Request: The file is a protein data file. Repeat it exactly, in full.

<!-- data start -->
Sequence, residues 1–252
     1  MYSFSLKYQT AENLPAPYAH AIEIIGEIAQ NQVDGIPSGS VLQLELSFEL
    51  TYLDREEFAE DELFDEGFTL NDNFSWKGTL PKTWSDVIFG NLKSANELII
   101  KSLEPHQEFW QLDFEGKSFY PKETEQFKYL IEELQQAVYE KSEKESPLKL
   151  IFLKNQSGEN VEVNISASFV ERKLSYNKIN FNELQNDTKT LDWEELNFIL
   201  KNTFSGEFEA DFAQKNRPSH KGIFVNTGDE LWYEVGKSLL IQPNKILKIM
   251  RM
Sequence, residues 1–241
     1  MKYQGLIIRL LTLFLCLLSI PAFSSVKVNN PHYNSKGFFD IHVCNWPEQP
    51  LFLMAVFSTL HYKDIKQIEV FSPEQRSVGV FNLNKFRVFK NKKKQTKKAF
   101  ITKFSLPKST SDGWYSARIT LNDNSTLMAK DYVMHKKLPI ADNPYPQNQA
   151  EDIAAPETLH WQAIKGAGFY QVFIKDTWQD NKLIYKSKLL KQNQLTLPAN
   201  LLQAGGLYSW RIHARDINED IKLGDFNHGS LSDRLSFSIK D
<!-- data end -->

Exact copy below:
Sequence, residues 1–252
     1  MYSFSLKYQT AENLPAPYAH AIEIIGEIAQ NQVDGIPSGS VLQLELSFEL
    51  TYLDREEFAE DELFDEGFTL NDNFSWKGTL PKTWSDVIFG NLKSANELII
   101  KSLEPHQEFW QLDFEGKSFY PKETEQFKYL IEELQQAVYE KSEKESPLKL
   151  IFLKNQSGEN VEVNISASFV ERKLSYNKIN FNELQNDTKT LDWEELNFIL
   201  KNTFSGEFEA DFAQKNRPSH KGIFVNTGDE LWYEVGKSLL IQPNKILKIM
   251  RM
Sequence, residues 1–241
     1  MKYQGLIIRL LTLFLCLLSI PAFSSVKVNN PHYNSKGFFD IHVCNWPEQP
    51  LFLMAVFSTL HYKDIKQIEV FSPEQRSVGV FNLNKFRVFK NKKKQTKKAF
   101  ITKFSLPKST SDGWYSARIT LNDNSTLMAK DYVMHKKLPI ADNPYPQNQA
   151  EDIAAPETLH WQAIKGAGFY QVFIKDTWQD NKLIYKSKLL KQNQLTLPAN
   201  LLQAGGLYSW RIHARDINED IKLGDFNHGS LSDRLSFSIK D